Winter 2017 Calendar

Jan 17
Amy Wiebe, Department of Mathematics, University of Washington
On representing the positive semidefinite cone using the second order cone

Jan 31 [CORE]
Jon Lee, Department of Industrial and Operations Engineering, University of Michigan
Mixed-Integer Nonlinear Optimization: Let’s get crazy!

Feb 7
Asen L. DontchevMathematical Reviews and University of Michigan
Strong Metric Subregularity

Feb 14
Lynn Chua, Department of Computer Science, UC Berkeley
Gram spectrahedra

Feb 21
Rebecca Hoberg, Department of Mathematics, University of Washington
Number balancing is as hard as Minkowski’s theorem

Mar 14
Abe Engle, Department of Mathematics, University of Washington

Spring 2017 Calendar

Mar 28
Andrew Pryhuber, Department of Mathematics, University of Washington

Apr 11 [CORE]
Liza Levina, Department of Statistics, University of Michigan

Apr 18 [CORE]
Zaid Harchaoui, Department of Statistics, University of Washington

Apr 25
Scott Roy, Department of Mathematics, University of Washington

May 9
Peng Zheng, Department of Applied Mathematics, University of Washington 

May 30
Kellie MacPhee, Department of Mathematics, University of Washington

Rebecca Hoberg; Number balancing is as hard as Minkowski’s theorem

Feb 21, 2017, 4pm
PDL C-401
Rebecca Hoberg, Department of Mathematics, University of Washington

Abstract: The number balancing problem (NBP) is the following: given real numbers $a_1,…,a_n \in [0,1]$, find two distinct subsets of $[n]$ so that the difference of the sums is minimized. An application of the pigeonhole principle shows that there is always a solution where the difference is at most $O(\frac{\sqrt{n}}{2^n})$. Finding the minimum, however, is NP-hard. In polynomial time, the differencing algorithm by Karmarkar and Karp from 1982 can produce a solution with difference at most $n^{-\Theta(\log n)}$, but no further improvement has been made since then.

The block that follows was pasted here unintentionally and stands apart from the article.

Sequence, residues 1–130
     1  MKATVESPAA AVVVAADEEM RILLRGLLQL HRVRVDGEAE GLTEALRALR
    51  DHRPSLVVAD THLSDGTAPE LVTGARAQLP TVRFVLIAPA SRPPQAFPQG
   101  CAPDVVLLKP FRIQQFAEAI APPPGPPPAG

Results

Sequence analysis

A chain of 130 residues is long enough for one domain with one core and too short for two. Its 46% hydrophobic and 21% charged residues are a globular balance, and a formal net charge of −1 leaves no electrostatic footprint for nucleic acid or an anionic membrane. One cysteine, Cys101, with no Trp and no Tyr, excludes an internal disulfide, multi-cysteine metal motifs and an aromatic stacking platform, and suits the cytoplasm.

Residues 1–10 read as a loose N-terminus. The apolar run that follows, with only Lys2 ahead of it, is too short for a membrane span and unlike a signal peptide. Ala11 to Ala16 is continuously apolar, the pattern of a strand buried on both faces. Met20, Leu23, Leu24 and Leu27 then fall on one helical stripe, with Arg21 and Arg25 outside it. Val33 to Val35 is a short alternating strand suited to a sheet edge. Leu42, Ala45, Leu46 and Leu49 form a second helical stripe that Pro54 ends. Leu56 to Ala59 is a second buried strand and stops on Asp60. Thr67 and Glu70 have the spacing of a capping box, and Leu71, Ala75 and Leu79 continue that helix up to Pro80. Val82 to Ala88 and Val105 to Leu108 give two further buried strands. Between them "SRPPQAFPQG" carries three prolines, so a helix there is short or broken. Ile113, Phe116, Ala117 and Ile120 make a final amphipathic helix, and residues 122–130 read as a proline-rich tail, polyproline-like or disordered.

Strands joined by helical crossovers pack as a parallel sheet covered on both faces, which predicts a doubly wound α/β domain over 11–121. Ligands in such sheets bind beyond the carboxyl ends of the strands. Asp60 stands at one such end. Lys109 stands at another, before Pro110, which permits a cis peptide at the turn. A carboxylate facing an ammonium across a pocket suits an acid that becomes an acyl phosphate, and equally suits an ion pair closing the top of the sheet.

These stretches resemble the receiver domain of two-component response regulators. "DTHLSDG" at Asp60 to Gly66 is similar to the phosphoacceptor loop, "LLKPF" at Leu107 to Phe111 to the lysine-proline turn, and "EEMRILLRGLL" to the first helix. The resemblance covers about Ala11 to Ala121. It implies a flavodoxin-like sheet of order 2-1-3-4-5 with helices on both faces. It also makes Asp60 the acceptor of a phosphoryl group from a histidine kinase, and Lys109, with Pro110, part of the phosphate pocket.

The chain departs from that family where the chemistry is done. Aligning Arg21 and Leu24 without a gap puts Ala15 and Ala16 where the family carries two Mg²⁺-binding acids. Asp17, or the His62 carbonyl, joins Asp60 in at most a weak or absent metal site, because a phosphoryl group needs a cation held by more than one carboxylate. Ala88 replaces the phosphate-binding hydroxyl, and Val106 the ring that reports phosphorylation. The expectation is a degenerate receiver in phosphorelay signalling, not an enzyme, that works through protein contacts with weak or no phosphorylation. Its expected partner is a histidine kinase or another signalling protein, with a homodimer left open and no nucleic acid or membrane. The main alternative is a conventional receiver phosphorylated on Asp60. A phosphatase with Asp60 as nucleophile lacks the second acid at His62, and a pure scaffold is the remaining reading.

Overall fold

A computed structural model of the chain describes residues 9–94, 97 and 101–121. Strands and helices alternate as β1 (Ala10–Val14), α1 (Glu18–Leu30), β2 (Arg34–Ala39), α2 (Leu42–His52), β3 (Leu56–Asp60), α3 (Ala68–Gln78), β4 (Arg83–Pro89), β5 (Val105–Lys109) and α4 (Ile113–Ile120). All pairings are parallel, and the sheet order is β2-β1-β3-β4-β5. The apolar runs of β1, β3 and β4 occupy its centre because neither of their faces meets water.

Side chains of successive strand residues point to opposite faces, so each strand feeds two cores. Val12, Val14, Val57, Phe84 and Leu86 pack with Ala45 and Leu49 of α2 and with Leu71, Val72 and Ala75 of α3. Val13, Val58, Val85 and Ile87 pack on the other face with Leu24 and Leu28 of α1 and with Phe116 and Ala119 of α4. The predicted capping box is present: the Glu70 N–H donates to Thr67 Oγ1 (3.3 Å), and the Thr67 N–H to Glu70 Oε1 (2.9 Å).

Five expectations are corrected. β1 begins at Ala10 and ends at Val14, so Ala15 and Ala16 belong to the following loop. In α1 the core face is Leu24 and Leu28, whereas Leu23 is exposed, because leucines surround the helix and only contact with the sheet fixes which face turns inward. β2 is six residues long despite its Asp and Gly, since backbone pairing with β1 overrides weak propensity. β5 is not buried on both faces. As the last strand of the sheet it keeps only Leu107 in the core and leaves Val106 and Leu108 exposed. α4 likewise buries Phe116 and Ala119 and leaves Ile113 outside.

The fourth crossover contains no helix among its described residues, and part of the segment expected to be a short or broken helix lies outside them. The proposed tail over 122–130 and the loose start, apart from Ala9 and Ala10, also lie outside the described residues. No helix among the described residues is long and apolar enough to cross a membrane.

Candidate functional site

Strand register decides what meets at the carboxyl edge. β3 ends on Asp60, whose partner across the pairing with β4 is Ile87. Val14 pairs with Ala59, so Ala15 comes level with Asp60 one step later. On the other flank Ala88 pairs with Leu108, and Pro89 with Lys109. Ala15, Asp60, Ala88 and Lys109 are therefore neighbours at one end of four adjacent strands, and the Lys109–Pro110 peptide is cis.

In this talk, we show that an approximate oracle for Minkowski’s Theorem gives an approximate NBP oracle, and conversely an approximate NBP oracle gives an approximate Minkowski oracle. In particular, we prove that any polynomial time algorithm that guarantees a NBP solution of difference at most $O(\frac{2^\sqrt{n}}{2^n})$ would give a polynomial approximation for Minkowski as well as a polynomial factor approximation algorithm for the Shortest Vector Problem. This is joint work with Harish Ramadas, Thomas Rothvoss, and Xin Yang.

Lynn Chua; Gram spectrahedra

Feb 14, 2017, 4pm
THO 234
Lynn Chua, Department of Computer Science, UC Berkeley

Abstract: Representations of nonnegative polynomials as sums of squares are central to real algebraic geometry and the subject of active research. The sum-of-squares representations of a given polynomial are parametrized by the convex body of positive semidefinite Gram matrices, called the Gram spectrahedron. This is a fundamental object in polynomial optimization and convex algebraic geometry. We summarize results on sums of squares that fit naturally into the context of Gram spectrahedra, present some new results, and highlight related open questions. We discuss sum-of-squares representations of minimal length and relate them to Hermitian Gram spectrahedra and point evaluations on toric varieties.

Jon Lee; Mixed-Integer Nonlinear Optimization: Let’s get crazy!

CORE Series
Tuesday, Jan 31, 2017
LOW 105, 4:00-5:00PM 
Jon Lee, University of Michigan

TITLE: Mixed-Integer Nonlinear Optimization: Let’s get crazy!

ABSTRACT: Mixed-Integer Nonlinear Optimization (MINLP) is the mother of all (deterministic) optimization problems. As such, it is too broad a category to do something for in general. Still, there are broad classes where we have positive complexity results, as well as narrow classes where we have negative complexity results. I will sample some of the landscape.